In response to this situation, evidence has emerged of community-based forms of self-help to surveil and respond to the public health emergency. The “Yellow Flag” movement that has emerged in Myanmar’s urban areas is an example of this grass-roots response. The Yellow Flag approach, a product of pre-existing social media-supported community networks, involves an informal set of procedures wherein households identify cases of COVID and communicate their resultant needs to the community. In response, the community seeks professional medical assistance, medical supplies such as oxygen, nutritional resources, care for children, the elderly, other members of the household and household pets, and financial assistance. This policy brief argues that, because even in a post-military regime future Myanmar will continue to experience weak public health infrastructure, the Yellow Flag model as an emergent form of “survival governance” can inform future policies that emphasize co-production of public services such as public health.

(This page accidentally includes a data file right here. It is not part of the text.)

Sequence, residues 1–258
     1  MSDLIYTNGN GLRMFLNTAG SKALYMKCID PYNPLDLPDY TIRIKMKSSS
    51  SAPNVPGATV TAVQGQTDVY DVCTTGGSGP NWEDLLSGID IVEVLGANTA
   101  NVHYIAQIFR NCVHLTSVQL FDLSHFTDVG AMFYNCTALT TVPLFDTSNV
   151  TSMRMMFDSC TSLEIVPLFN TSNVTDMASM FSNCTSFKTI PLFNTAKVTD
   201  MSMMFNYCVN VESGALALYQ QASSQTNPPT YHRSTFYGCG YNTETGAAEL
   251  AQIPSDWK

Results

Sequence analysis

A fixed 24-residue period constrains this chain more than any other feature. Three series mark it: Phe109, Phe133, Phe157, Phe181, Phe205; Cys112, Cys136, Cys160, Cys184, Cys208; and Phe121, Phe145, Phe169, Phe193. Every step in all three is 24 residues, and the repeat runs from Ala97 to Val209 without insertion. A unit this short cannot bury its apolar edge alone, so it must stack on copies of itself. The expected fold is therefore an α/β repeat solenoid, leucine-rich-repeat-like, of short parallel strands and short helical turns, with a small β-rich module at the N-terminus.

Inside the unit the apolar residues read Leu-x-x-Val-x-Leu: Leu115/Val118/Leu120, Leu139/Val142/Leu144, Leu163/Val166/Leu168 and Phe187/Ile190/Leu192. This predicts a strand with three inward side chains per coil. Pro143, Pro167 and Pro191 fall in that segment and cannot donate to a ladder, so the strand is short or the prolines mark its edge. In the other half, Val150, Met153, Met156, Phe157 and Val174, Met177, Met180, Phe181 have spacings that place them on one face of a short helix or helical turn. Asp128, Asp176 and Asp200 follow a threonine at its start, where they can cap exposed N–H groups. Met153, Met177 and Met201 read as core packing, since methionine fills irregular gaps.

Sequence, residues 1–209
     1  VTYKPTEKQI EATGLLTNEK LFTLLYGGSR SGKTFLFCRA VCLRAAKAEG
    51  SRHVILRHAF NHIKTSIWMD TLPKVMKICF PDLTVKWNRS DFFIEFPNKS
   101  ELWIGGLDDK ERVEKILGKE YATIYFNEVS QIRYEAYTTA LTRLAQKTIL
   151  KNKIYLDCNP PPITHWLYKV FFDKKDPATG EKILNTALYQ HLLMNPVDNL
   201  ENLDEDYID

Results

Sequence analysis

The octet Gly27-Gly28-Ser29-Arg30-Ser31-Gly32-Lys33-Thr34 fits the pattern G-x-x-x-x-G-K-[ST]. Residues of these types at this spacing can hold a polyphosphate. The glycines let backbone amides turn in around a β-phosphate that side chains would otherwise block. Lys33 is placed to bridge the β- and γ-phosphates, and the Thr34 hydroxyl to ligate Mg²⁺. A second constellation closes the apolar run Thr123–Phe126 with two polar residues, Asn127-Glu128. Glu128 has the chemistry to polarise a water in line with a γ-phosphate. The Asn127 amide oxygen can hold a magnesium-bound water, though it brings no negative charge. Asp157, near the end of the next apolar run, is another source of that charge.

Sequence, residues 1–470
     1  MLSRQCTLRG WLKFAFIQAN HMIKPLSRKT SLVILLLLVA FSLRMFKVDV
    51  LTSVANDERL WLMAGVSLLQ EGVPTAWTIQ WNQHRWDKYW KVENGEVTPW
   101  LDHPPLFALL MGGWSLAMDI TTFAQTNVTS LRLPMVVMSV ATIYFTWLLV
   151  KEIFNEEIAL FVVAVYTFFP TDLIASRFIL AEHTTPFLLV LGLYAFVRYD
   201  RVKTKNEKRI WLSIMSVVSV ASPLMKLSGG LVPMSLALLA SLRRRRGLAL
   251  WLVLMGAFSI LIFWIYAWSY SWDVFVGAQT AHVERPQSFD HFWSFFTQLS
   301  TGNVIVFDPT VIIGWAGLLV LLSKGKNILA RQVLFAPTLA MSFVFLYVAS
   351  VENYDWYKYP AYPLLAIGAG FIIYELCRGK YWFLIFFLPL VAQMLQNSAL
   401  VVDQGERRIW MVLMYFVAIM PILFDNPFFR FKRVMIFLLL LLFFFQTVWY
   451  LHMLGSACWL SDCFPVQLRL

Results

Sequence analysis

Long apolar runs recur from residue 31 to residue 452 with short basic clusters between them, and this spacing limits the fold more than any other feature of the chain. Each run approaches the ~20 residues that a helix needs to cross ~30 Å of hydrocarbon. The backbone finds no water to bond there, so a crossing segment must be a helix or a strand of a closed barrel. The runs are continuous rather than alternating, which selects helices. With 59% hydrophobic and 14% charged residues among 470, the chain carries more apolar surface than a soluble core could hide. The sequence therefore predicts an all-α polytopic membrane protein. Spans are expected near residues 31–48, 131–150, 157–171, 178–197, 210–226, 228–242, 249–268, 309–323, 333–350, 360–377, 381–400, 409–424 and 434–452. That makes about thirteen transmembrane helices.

The emergence of the coronavirus epidemic further tested public health quality and governance of countries around the world, including Myanmar. Prior to the pandemic Myanmar’s public health infrastructure was described as inadequate to meet the nation’s needs. The 1 February 2021 military coup d’etat has resulted in a deterioration of governmental institutions, including public health. In response to the COVID emergency and considering Myanmar’s weak public health service capacity, urban neighbourhoods have formed “Yellow Flag” social media-supported self-help networks to aid households that have experienced the effects of the pandemic. This policy brief considers the potential policy implications of this community-based response to the COVID emergency.